The University of British Columbia should improve the way it conducts its presidential searches, its nominating committee acknowledges.
But the committee has decided it doesn't have the time to make any big changes now as it scrambles to find a replacement after the abrupt resignation of its last president, Arvind Gupta, in August.
"We are acutely aware of the time pressure facing the university to find a successor, and thus are proposing [a procedure similar to the old one] instead of attempting to make significant changes at this time," says the report prepared for a UBC senate meeting Wednesday.
The report asks that the university's two senates, which oversee academic governance, not make any immediate changes to the suggested procedure. It says that changes would take months to make the round of approvals from the two senates and UBC's board of governors.
The university should afterward work on a complete review and update of UBC's procedures for recommending and selecting a president, says the report from Richard Tees, the chair of one of the two nominating committees.
However, the report doesn't identify any specific issues except for the dissatisfaction over the selection committee composition.
The most immediate consequence is that the presidential search committee will be made up of the same kinds of people as in the last search that resulted in Dr. Gupta being chosen.
It will include three members of the board of governors, three members of the university's two senates, three faculty members, three deans, three students, two alumni appointed by the board, and three representatives of various staff groups.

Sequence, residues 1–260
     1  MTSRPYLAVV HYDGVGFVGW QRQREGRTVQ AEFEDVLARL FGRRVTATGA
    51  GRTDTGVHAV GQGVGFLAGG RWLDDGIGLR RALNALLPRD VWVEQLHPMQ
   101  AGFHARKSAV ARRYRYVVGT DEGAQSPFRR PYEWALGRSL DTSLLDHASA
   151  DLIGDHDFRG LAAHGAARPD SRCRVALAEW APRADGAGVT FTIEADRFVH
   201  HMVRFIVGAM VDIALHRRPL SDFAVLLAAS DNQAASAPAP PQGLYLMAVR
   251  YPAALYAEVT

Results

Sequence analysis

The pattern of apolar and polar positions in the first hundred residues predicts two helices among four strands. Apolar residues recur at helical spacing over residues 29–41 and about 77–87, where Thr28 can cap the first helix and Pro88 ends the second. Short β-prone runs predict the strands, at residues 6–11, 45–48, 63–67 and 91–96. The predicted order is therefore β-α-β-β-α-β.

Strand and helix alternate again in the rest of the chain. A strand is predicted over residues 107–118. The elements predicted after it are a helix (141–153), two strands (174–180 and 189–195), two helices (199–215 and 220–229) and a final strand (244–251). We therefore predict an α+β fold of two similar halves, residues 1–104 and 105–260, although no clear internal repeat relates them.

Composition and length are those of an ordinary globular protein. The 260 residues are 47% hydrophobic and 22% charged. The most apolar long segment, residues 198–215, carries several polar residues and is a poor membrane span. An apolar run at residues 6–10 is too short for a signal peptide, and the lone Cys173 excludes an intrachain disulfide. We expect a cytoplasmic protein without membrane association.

That group will then define what kind of candidate is being sought.
Interim president Martha Piper said, when she was named to replace Dr. Gupta in August, that the next search committee would need to be especially clear about what qualities it's looking for in a new president.
Dr. Tees acknowledged that many other groups have been asking to be included on the committee, and that UBC's search procedure is not as good as those at other universities.
Chancellor Lindsay Gordon said he would "welcome that discussion" about a permanent policy on how to do presidential searches, instead of striking new terms of reference each time.
One critic of UBC's selection system said that opting for the quick process now means the new search committee will replicate the problems of the last one, which led to Dr. Gupta's resignation and a cloud hanging over the university.
"It's merely reproducing the same issue, and it reinforces the notion that [the university] is operating outside the bounds of transparency," said Charles Menzies, an anthropology professor who is also a representative for residents on the UBC endowment lands. "That's a very restrictive list; it's very standard. They need to go beyond that."
He said having the same structure for the selection committee "gives them more control over the actual outcome."
Dr. Menzies said it would have been good to, at the least, have someone from the nearby First Nations community on the selection committee, as well as a "community voice" from Vancouver, since the university plays such a big role in the life and economy of the city.
But Alex Usher, the principal of the Toronto-based consulting firm Higher Education Strategy Associates, said having broader representation by people who don't know what a president does won't necessarily help.
"The one thing that is missing from almost every search committee is a former president who understands what the nature of the job is."
UBC's last presidential search, which resulted in Dr. Gupta's hire, cost about $350,000, of which $157,500 went to the search firm of Stuart Spencer. The company started canvassing faculty for input in July of 2013. Dr. Gupta was chosen as the successful candidate the following March and took office July 1, 2014.
He told the board July 31 this year he would be resigning and that was publicly announced a week later.